Budget impasse has Waubonsee looking for ways to save programs

Updated 11/19/2015 6:11 PM

Waubonsee Community College is planning to shift about $1 million in its education fund to keep several programs afloat this year while the state holds up the money that helps pay for them.

And it will do the same in its operations and maintenance fund, to cover $1 million in bills for equipment ordered before the college knew state money for it would be withheld this long.


The college board Wednesday gave David Quillen, vice president of finance and operations, the go-ahead to identify specific cuts and present them at its December meeting.

The move will ensure the Adult Education, Small Business Development Center and the Career and Technical Education program continue through June 30, the end of the college's fiscal year.

"If we were to discontinue these programs, we fell that it would negatively impact our community," Quillen said. The Adult Education program has 3,000 students.

The situation has been brought about by Illinois' lack of a budget. Much of the money in play comes from the federal government, but flows through the state's hands. The state agencies don't have the authority to disburse it, because they haven't received appropriations.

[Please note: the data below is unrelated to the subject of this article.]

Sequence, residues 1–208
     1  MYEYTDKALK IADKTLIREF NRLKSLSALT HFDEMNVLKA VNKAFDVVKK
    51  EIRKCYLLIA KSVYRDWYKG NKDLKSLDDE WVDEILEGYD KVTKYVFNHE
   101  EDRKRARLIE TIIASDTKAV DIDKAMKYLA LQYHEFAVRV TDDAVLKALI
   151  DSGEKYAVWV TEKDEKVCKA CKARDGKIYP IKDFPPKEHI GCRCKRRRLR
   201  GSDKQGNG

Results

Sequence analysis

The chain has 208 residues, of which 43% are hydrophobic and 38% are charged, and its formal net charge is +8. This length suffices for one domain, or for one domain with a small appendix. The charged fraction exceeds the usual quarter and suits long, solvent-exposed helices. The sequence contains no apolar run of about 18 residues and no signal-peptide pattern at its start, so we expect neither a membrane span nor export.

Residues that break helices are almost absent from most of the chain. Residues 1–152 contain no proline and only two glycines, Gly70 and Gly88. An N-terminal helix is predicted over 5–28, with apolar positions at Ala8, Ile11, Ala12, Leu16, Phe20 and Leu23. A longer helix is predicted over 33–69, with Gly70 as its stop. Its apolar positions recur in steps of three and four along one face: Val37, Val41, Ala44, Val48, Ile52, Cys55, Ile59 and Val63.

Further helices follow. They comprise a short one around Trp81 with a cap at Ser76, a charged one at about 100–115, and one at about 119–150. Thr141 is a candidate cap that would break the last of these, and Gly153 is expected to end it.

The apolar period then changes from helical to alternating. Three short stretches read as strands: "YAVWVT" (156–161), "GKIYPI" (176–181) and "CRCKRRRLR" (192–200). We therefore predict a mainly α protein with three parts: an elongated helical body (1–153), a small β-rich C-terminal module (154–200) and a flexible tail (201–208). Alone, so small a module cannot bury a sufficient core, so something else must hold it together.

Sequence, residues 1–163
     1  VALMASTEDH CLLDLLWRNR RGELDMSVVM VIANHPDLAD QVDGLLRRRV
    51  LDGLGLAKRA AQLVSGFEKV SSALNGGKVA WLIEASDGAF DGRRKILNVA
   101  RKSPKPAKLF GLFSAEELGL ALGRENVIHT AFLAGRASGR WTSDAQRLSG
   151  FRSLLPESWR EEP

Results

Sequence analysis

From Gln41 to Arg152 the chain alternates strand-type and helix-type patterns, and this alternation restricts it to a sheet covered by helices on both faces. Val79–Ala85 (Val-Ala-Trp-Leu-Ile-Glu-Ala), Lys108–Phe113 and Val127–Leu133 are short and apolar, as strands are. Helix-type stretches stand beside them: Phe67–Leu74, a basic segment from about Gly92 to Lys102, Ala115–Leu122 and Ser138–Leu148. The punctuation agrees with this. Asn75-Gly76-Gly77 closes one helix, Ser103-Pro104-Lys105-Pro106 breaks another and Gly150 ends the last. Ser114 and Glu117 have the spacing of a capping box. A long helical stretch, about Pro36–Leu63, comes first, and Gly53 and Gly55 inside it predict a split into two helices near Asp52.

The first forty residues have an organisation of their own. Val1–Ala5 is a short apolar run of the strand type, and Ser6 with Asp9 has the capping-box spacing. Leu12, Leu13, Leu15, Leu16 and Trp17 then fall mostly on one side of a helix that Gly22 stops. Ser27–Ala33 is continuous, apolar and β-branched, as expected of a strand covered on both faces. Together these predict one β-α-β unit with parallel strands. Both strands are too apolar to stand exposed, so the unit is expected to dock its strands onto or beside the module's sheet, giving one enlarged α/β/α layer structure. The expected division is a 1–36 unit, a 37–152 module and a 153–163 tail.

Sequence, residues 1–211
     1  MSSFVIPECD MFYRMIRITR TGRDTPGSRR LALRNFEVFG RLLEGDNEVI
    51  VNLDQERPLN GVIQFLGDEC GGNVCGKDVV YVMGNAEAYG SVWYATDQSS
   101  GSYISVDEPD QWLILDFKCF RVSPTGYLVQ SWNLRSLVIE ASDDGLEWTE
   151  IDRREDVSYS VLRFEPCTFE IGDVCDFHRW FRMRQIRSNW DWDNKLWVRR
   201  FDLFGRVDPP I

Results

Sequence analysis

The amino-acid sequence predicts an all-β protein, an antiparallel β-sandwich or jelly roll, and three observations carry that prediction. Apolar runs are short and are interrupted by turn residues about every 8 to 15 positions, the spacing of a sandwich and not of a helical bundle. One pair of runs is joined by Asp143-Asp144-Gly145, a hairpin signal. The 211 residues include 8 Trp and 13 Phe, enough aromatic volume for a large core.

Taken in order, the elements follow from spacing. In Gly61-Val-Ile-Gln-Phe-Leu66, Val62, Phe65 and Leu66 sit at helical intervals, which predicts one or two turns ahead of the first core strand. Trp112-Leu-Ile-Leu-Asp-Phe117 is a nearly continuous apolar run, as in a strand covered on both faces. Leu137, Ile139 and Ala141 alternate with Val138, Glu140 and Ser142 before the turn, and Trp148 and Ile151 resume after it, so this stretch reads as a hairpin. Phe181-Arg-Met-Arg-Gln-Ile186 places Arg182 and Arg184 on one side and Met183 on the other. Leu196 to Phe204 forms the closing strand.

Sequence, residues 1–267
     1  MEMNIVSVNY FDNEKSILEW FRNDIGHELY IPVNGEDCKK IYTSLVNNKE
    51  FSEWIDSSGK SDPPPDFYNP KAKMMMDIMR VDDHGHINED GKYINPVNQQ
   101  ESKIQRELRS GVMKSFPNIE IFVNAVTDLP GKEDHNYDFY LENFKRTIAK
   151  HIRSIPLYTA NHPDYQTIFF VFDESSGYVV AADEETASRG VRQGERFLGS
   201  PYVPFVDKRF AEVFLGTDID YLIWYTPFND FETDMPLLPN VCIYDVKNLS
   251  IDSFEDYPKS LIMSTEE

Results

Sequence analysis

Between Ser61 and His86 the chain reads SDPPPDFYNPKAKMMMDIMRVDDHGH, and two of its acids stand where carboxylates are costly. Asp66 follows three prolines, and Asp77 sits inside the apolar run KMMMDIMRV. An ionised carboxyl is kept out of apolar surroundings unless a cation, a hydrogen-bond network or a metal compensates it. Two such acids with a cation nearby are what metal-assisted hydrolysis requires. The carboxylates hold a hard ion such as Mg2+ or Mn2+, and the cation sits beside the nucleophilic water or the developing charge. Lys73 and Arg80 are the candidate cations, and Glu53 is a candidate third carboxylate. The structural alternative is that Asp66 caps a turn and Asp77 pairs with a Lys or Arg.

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He did not recommend using money in reserves, per board policy, Quillen said.

"We think that (cuts) is the only prudent and conservative approach to take at this time," Quillen said.

The education-fund money could come from several retirements; not filling empty positions; delaying purchases of equipments; further limiting out-of-state travel; and reassessing some programs, Quillen said.

"It makes me sad, but we have to do it," Trustee Rebecca Oliver said.

"The fact that we have not received those federal grant monies is what took us by surprise," college President Christine Sobek said.

The gaps

When it made its 2016 budget, the college expected to receive:

• $900,000 from the federal government for its Adult Education program, which includes GED preparation courses, English as a Second Language instruction, literacy programs and courses that improve basic reading, writing and mathematics skills, especially for people who did not finish high school;


• $55,000 in federal Perkins grant money for vocational education, and $300,000 from the state for its career and technical program; and

• $120,000 in state and federal money for the business center. It provides advice and courses for starting and running businesses.

Also, the college has not received an expected $5 million credit-hour grant from the state. That money was designated for one-time, nonrecurring expenses, including the equipment, according to Quillen. The rest of the spending has been postponed.

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